Radishes (1 carb per 1/2 cup)
Radishes may not be used as often as other vegetables, but their flavor lends itself to many uses. A 2023 study found that foods rich in anthocyanins (pigments found in red, blue, and purple plants) can help reduce inflammation, improve gut health, and help prevent and manage type 2 diabetes. Julienne radishes and add to smoothie mixes or superb salads.
Arugula (0.41 carbs per cup)
Arugula stands out in the leafy green world for its peppery taste. However, taste isn’t the only thing it has going for it. It’s also rich in plant-based nitrates, which have been shown in studies to help improve blood pressure and overall heart health. Toss arugula greens with high quality extra virgin olive oil and fresh lemon juice and top with grilled wild salmon.
Collard greens (2.02 carbs per cup)
Collard greens boast one of the highest sources of plant-based calcium. In fact, one serving provides over 20% of your daily mineral needs. This makes this herb a must have for anyone interested in maintaining good bone health. Greens are the perfect lettuce wrap for chicken or steak tacos.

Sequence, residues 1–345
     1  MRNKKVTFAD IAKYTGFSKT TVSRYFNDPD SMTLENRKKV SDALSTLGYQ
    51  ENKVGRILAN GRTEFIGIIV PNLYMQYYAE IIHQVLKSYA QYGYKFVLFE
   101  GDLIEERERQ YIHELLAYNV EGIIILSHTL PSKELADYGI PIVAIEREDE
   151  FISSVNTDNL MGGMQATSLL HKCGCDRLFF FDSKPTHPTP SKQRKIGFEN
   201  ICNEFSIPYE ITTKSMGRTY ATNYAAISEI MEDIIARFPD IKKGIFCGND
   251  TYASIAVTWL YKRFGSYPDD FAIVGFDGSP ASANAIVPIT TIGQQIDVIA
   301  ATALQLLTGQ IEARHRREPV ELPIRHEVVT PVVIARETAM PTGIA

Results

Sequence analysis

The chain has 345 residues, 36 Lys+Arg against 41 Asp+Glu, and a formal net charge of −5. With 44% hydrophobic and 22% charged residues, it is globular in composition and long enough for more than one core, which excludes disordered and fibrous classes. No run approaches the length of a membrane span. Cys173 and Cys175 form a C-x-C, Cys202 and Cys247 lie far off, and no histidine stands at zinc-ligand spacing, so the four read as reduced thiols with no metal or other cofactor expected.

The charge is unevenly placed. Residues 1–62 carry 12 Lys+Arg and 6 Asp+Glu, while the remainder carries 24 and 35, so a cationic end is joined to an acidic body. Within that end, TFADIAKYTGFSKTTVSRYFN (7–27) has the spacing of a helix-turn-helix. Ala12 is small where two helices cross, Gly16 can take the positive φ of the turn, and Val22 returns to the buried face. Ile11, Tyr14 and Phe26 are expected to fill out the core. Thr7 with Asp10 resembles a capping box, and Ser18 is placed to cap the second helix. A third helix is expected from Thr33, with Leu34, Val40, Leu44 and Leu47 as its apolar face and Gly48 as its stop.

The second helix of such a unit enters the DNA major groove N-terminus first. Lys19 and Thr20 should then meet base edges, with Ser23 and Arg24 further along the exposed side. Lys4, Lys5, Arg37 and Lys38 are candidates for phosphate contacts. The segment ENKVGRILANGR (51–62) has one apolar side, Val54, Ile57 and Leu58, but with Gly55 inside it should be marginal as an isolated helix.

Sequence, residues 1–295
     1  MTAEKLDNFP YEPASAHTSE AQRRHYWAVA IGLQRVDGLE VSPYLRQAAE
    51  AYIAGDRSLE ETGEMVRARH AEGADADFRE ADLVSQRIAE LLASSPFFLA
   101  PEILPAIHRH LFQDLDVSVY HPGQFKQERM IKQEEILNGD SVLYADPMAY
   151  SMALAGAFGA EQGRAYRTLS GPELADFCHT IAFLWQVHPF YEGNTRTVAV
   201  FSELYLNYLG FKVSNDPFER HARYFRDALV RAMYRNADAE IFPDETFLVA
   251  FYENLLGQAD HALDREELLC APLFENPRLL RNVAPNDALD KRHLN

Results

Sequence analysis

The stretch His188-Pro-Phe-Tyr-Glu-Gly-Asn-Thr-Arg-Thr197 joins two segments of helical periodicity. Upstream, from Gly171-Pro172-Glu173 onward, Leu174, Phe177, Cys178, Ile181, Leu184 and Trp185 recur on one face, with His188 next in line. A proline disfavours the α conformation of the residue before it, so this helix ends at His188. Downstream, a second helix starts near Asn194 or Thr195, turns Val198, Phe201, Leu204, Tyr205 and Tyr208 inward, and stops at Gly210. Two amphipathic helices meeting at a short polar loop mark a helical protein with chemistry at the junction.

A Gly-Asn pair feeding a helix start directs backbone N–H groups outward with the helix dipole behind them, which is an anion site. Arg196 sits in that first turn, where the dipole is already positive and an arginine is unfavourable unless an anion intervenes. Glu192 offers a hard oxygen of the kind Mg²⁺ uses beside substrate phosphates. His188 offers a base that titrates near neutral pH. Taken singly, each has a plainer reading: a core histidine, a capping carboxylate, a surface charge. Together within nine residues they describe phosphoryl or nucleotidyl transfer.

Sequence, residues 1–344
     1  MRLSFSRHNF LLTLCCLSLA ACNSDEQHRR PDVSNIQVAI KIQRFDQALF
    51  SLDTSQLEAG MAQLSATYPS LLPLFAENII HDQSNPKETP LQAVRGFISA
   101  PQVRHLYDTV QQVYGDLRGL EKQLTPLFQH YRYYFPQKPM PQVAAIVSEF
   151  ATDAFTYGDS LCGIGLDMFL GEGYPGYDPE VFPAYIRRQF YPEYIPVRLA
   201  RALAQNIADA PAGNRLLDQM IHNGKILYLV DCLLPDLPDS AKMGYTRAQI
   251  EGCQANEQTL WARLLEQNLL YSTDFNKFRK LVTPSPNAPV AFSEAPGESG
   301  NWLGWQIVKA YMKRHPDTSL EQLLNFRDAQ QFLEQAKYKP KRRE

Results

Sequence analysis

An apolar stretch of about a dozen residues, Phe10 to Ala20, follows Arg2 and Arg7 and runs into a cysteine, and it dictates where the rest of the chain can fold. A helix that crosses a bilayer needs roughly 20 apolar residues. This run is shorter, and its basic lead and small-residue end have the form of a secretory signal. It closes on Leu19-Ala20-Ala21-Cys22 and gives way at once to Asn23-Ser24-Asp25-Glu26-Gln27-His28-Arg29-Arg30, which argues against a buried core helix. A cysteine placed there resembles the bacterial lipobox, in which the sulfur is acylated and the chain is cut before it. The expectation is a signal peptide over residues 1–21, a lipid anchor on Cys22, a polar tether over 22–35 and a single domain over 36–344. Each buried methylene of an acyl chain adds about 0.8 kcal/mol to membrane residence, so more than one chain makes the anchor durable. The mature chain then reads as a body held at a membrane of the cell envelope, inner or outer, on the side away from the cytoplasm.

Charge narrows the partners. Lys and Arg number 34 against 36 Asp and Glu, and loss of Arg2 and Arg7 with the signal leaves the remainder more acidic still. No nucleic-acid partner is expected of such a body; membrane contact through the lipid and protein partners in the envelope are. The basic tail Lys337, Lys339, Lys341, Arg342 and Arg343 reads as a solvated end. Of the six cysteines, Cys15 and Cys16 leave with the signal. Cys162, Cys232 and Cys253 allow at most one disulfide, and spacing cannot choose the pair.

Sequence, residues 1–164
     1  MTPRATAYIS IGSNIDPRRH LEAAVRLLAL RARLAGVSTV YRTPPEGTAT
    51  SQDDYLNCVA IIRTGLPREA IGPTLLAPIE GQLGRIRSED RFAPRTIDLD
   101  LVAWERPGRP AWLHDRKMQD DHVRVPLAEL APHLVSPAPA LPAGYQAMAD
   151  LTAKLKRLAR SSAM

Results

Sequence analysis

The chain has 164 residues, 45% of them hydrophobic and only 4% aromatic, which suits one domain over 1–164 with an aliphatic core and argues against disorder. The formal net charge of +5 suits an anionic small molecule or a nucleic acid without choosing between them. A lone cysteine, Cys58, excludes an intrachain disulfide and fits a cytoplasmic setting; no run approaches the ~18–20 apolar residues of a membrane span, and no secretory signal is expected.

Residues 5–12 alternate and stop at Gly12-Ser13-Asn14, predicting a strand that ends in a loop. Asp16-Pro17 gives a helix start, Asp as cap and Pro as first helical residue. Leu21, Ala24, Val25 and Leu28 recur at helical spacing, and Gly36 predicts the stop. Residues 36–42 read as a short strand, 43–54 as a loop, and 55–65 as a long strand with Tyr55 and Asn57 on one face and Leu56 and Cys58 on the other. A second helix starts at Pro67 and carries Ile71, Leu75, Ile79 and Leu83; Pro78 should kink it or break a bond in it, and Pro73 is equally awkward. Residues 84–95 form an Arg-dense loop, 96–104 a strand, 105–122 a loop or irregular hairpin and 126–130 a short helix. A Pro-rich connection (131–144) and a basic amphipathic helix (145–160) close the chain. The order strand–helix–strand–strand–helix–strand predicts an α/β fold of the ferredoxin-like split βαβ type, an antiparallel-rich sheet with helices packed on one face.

Broccoli Rabe (0.06 carbs per cup)
Broccoli rabe is a blend of traditional broccoli stems paired with leafy greens, the best of both worlds! The combination also makes for a great way to get more folate; a B vitamin that many people don’t get enough of. Folate has been found to help reduce the risk of certain cancers and reduce the risk of neural tube defects in newborns. Saute broccoli with garlic and mix with chicken sausage for a delicious and filling meal.
Shallots (1.4 g net carbs per 1 tablespoon)